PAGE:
Living By The Land – Episode 34

“YOU’RE right, lass, you’re right. I haven’t dared to speak of her for fear of letting the grief take hold, but I would love to.”

Louisa grabbed his hand again.

“It’s all right to be sad, Dad. It’s all right to cry, and it might show Betsy that she’s not the only one feeling that way.”

Samuel smiled.

“When did you get so wise, Louisa? I’m meant to be the adult around here, you know.”

Louisa laughed, too.

“We’re all growing up. Look at David, nearly a man, and Xander shooting up apace.”

She moved to the doorway to watch Xander encouraging the cows into the yard, and Samuel came with her.

“They’re good lads,” he said softly. “David is working wonders on the farm and I imagine Xander will join him once the school term is over.”

He shifted and Louisa glanced over.

“Is something wrong, Dad?”

“No. No, nothing’s wrong. It’s just, well, Xander’s teacher wants him to stay on and study more next year. Something about a gift with the sciences. ‘What use are sciences on a farm?’ I asked, but he just went all mysterious and asked me to think about it.”

Louisa watched Xander carry on obliviously through to the milking shed as she sought for the right words to reply.

“Farmer Robert says science is the door to all our futures,” she said eventually.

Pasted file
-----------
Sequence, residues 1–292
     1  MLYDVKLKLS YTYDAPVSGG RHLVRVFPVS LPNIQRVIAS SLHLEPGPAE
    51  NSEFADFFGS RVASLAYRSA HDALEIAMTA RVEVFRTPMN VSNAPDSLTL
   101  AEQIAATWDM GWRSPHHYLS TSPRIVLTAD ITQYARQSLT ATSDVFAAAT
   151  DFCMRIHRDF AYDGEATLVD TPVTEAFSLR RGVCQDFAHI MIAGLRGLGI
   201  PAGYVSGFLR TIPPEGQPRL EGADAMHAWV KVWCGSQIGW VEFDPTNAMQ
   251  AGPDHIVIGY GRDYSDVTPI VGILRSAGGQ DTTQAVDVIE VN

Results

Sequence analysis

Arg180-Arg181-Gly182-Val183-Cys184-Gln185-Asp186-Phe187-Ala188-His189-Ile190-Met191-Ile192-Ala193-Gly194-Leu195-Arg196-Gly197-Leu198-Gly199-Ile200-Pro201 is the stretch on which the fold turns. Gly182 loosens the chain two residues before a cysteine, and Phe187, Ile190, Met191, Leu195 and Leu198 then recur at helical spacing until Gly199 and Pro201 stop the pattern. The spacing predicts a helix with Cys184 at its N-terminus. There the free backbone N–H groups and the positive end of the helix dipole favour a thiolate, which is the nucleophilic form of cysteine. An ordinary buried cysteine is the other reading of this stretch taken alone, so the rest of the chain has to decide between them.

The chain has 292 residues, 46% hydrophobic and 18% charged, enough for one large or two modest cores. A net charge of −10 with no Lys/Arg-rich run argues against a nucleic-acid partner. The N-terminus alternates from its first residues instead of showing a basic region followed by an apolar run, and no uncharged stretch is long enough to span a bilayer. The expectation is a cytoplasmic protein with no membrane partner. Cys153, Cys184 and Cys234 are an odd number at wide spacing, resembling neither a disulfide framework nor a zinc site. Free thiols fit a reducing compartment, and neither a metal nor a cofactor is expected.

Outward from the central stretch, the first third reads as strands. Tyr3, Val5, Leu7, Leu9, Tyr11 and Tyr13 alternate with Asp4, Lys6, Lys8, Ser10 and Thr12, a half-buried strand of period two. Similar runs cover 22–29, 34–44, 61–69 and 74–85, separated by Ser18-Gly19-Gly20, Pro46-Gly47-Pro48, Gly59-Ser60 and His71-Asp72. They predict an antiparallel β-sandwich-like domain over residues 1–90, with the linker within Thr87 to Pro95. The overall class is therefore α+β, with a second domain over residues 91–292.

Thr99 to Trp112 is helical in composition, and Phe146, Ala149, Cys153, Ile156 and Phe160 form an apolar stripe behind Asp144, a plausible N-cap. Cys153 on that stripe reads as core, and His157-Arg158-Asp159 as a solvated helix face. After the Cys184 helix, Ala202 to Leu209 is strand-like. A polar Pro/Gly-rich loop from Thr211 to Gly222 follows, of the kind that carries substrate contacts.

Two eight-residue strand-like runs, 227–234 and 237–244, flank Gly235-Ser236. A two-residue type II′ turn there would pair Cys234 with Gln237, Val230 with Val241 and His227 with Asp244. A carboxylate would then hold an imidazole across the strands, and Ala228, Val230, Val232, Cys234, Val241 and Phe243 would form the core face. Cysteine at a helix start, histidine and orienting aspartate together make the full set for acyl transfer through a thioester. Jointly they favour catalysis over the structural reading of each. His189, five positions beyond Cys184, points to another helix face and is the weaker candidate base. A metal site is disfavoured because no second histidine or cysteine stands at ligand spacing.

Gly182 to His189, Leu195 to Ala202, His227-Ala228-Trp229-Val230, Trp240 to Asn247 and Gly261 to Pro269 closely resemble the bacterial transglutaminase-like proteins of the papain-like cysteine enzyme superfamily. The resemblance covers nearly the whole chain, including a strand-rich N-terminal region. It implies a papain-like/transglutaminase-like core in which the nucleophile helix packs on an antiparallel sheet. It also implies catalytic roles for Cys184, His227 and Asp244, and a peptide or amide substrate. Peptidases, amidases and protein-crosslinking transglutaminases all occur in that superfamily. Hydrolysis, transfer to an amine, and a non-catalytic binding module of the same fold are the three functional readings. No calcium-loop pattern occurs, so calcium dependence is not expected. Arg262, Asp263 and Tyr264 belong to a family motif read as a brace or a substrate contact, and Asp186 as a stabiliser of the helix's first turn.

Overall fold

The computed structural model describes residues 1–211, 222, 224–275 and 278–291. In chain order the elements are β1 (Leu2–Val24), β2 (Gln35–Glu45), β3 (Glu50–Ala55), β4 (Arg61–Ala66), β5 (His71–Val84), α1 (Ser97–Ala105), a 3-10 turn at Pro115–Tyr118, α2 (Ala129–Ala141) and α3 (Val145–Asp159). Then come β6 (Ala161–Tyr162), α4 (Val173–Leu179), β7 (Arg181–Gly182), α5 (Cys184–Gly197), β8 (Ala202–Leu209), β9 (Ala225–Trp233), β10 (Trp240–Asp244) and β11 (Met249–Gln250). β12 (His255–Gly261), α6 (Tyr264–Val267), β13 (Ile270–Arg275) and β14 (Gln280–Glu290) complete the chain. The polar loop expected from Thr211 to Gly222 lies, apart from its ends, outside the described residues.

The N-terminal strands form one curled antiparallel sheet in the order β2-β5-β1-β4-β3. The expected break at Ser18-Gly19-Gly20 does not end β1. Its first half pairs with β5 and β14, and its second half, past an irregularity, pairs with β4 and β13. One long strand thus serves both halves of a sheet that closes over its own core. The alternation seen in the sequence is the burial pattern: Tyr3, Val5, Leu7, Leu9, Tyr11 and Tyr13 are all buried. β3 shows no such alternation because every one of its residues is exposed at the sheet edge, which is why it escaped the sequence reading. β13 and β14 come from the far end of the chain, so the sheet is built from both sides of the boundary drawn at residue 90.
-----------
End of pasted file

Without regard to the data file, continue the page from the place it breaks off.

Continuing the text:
Samuel stared at her.

“Does he?” He turned away. “Well, let him pay for it, then! Xander will do well enough here.”

Louisa knew better than to push the point, but it had given her food for thought and later on that day, with Betsy safely tucked up for a nap, she took the chance to go and meet her younger brother out of school.

“Dad tells me you’re good at science, Xander,” she ventured casually once they were out of the village and following the path across the open fields to home.

His eyes lit up and he turned to her, almost bouncing along as he replied.

“I love it, Louisa. We have this new teacher and he’s telling us all about grafting plants and cross-breeding animals. It’s like a miracle, an everyday miracle, and it’s useful, too! Why, do you know, if you take a tough little mountain sheep and cross it with a . . .”

And he was off, filling the spring afternoon with his jumbled but excited thoughts. Louisa listened, only partly understanding but recognising his passion and loving him for it.

“You must meet Farmer Robert,” she told him as they turned back into Home Farm. “This is exactly the sort of work he’s doing.”

“Is it a very big farm, Louisa?”

Louisa nodded. In truth, ashamed though she was to admit it, she found the farm of her childhood almost claustrophobically small after the vast space of Lower Meadow. She knew her family had been lucky – nay, had worked hard – to keep it when the enclosure acts a few years back had swallowed up so many small farms, but it still seemed very domestic after Farmer Robert’s concern.

“Come on,” she said hastily. “Smells like tea’s ready.”

Alison Cook